Chawan Mushi with Chanterelles crossed to my mind a couple of days ago, when I was still half asleep, taking first sips of my morning coffee. This gives you an idea about how much I love this mushroom and, accidentally, how often I think about cooking…. I followed my plan the same evening and must proudly say that it turned out the best chawan mushi and, at the same time, the most sophisticated chanterelle dish I have ever tasted.
Chawan Mushi (茶碗蒸し) is a very light savoury egg and stock custard, steamed in special cups and one of the most versatile (and delicious) Japanese dishes I can imagine. The traditional version calls for a precise list of ingredients, but I have never managed to assemble them and have experimented with the basic custard recipe so many times, I even don’t remember the details of the “standard” version. During my numerous tests I discovered chawan mushi is best served with crusty buttered bread and I definitely prefer it made with chicken or vegetable stock, rather than the Japanese dashi. (The chicken stock version was suggested by renowned Shizuo Tsuji in “The Japanese Cooking. A Simple Art”, so I feel entitled to say this without feeling I have spoilt a genuine recipe).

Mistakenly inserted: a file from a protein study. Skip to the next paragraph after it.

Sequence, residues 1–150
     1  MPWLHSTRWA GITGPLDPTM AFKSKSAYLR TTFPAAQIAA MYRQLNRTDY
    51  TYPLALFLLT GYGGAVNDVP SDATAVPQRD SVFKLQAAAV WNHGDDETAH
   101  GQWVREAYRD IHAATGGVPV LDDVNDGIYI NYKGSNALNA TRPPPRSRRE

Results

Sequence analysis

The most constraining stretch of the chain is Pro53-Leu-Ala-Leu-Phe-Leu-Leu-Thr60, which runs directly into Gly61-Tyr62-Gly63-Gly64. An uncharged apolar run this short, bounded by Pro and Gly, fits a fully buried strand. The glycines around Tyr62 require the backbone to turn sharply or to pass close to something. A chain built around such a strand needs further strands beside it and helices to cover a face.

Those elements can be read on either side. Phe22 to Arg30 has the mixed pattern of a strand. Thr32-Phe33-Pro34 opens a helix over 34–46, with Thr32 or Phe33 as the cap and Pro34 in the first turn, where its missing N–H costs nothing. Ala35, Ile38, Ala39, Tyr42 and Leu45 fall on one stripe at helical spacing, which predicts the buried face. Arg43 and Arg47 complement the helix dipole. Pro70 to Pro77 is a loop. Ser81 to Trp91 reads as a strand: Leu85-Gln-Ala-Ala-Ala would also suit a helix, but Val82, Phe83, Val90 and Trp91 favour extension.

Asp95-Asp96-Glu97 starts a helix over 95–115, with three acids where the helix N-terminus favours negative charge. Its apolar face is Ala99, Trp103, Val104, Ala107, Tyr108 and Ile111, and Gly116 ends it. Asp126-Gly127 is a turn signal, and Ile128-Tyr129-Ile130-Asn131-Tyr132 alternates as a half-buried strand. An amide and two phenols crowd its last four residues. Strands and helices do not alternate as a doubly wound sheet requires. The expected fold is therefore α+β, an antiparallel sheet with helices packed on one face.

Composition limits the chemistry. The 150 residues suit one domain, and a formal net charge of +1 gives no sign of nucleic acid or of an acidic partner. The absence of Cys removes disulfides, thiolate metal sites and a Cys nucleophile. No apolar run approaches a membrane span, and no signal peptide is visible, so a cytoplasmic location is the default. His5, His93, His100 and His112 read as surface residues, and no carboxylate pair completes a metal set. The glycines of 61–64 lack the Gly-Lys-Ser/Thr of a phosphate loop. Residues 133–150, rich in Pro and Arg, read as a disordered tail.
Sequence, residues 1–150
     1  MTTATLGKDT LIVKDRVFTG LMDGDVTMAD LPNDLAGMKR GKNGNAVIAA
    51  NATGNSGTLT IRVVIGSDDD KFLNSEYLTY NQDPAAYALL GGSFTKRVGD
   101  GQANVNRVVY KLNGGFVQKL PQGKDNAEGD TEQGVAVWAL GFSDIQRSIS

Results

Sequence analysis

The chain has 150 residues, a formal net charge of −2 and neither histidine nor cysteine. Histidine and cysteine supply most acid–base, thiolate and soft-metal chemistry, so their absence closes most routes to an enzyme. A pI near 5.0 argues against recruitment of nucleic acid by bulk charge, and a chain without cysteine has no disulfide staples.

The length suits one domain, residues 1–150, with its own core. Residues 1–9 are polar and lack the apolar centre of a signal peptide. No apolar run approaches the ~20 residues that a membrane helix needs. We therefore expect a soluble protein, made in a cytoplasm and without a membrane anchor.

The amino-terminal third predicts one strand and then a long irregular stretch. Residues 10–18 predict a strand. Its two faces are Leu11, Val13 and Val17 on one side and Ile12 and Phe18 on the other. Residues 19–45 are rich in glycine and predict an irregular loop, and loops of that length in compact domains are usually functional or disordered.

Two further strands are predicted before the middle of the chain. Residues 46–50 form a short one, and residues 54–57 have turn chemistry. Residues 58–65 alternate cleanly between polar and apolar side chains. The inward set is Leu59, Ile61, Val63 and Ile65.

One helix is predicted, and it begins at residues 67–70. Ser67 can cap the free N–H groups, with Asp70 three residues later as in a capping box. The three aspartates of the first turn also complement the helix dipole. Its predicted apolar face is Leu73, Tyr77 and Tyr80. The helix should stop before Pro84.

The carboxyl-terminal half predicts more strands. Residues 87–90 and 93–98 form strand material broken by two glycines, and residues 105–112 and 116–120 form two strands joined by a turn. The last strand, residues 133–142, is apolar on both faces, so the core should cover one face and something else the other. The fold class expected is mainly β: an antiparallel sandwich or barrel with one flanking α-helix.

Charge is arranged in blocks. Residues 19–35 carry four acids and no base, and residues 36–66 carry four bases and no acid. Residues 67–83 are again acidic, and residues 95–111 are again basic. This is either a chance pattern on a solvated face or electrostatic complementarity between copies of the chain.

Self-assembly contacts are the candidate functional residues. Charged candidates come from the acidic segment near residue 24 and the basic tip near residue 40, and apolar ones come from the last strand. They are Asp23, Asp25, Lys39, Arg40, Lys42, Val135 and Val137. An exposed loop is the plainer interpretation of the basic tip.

I must have prepared chawan mushi several dozens of times and tested at least a dozen different versions, but this one is by far the most surprising of all. The delicate custard, made with homemade chicken stock, was an ideal company for chanterelles, in terms of both, texture and flavours. A simple seasoning of salt, pepper and butter were all the chanterelles needed. A pinch of turmeric added a certain je ne sais quoi, without hiding the delicate flavours and I must say I was surprised at how well fresh mitsuba – the usual chawan mushi herb – went with chanterelles. If you like chanterelles, try this combination before their season ends. Having tried different – Asian and European – mushrooms in chawan mushi, I can say that chanterelle beats easily all of them.
If you cannot get chanterelle, you might like some of these chawan mushi versions:
and you look for other ideas to cook chanterelle, these two might be useful:
TIPS: I don’t know about every country in the world, but for me, whether you pick the chanterelle in the forest or buy it, it’s definitely not an everyday fare. If bought, it’s probably not the cheapest food item, so make an effort and prepare your own chicken (or vegetable) stock. Given the delicate ingredients, the stock’s taste is quite pronounced and its quality will make a huge difference (it’s not as important in the above versions of chawan mushi, in my opinion).Don’t skip the butter and under no circumstances do not replace it with margarine!
Even though chawan mushi is easier to prepare in a steamer, Shizuo Tsuji’s suggestion to use a water bath in the oven gives excellent results. Actually this is the way I prepare it because the steamer plate in my rice cooker is too low for my favourite heatproof cups.